Stephanie, you have proven to be a great presentor. I hear from the schools you visited that students are still clamoring for your books and can recall your very words about the writing process. You have made a difference to those students and teachers. Thanks so much!

Thanks also for your kind words about me. What is true though, I don't work alone. The Literacy Connection is a team of dedicated ladies that do their jobs very well. I would be lost without them!

Good luck to all your readers in their efforts to publish and then share their experiences with youth.

Carol Berry, The Literacy Connection
Dec. 4th, 2009 05:21 pm (UTC)
Many thanks, Carol. And you have proven to be a wonderful collaborator - thanks for all the invaluable tips you gave me, and have written here. Now all you have to do is travel the country and spread the word about how other cities can have their own Literacy Connection. You have a place to stay when you come through North Carolina.
Dec. 4th, 2009 04:57 pm (UTC)
Revision talk with laughter rather than groans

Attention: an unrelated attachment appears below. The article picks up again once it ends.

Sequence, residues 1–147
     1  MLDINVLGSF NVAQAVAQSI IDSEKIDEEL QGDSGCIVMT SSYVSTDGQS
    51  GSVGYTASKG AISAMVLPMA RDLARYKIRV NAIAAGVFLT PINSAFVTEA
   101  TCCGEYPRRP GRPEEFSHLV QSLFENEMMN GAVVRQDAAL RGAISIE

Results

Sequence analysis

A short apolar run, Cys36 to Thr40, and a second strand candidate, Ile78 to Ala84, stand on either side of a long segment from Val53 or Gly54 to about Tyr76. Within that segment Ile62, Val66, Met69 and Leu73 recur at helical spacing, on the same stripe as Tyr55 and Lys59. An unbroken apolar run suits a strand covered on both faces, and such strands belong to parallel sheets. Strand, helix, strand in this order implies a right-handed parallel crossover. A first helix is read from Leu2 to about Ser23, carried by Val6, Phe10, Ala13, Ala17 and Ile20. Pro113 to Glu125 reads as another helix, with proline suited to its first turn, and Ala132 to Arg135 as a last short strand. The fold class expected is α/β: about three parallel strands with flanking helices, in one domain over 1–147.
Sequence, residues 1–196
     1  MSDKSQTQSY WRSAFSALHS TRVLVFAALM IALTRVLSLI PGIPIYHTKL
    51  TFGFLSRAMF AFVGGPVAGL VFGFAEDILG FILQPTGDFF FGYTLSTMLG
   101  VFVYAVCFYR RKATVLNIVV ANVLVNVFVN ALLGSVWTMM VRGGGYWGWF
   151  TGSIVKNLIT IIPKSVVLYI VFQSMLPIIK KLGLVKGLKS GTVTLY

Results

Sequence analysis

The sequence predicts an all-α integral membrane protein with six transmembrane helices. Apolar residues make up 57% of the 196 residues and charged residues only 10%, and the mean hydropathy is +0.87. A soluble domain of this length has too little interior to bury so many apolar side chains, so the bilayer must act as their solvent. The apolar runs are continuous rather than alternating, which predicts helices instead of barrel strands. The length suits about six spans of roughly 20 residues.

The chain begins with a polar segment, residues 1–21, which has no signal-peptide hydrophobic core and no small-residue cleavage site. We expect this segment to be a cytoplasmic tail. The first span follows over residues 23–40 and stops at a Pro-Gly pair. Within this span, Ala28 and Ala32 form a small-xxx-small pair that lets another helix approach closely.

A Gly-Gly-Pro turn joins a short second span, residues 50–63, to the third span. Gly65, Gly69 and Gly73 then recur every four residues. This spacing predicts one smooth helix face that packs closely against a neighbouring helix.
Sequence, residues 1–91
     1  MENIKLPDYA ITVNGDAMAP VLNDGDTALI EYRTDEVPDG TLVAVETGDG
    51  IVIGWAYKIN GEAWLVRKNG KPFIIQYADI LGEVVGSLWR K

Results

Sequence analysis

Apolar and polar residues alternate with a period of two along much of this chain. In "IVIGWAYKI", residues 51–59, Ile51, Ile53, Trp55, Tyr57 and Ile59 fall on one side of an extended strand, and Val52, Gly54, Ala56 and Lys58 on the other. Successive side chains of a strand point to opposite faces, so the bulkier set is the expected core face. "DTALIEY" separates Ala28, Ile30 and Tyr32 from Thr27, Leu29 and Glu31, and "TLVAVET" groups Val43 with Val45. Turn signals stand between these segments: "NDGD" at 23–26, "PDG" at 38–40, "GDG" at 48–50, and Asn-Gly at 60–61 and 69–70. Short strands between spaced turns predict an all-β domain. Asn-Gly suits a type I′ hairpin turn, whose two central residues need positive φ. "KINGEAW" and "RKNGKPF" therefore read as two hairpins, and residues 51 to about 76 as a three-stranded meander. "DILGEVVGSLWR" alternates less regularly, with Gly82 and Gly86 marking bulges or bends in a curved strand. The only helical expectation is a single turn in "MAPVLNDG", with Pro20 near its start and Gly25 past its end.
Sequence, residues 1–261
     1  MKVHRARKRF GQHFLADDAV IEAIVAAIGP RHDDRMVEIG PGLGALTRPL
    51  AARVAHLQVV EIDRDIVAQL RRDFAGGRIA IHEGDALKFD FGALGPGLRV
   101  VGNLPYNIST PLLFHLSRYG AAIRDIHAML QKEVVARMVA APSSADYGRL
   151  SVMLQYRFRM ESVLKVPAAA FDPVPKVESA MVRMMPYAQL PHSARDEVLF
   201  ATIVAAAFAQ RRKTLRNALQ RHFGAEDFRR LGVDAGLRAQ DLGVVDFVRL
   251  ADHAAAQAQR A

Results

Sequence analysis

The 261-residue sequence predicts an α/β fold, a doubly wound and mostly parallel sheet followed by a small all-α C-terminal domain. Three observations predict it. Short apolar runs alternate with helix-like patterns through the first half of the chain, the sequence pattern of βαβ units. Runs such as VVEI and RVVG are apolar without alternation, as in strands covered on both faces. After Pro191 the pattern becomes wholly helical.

Thank you, Stephanie, great ideas - specific ideas. Your examples show how you engage the students with you in the revision process, with or without cat on lap. You show them - what an individual you are, you don't get it right the first time, you try again with specific problems described. And humor - great to laugh together about a hard process.
Dec. 4th, 2009 05:24 pm (UTC)
Re: Revision talk with laughter rather than groans
Sometimes, the only way to get through a hard process, no? btw: If you use any of what you learned here on your school visits in Guam, Hawaii, and Saipan, I reserve the right to carry your bags.
Dec. 4th, 2009 05:24 pm (UTC)
Stephanie, these are great ideas for engaging all students--not just the few budding writers in the crowd. When I talk to younger grades about my picture book text, I have the kids count aloud with me the number of drafts I had to write before the editor was happy.They're always amazed when we start to hit the double digits! I also tell them that their teacher is just like an editor. That makes them all turn around and stare at their teacher with a new appreciation. And you're right that kids understand rejection. Recently, a 5th grader asked me if I get "depressed and paranoid when a book gets rejected." I noticed they all perked up waiting for my reply! I agree that using humor and sharing the particulars of your process (as well as lots of props) makes for a lively and meaningful time with students. Thanks for sharing your experience and the good tips from all the librarians and teachers you met. --mg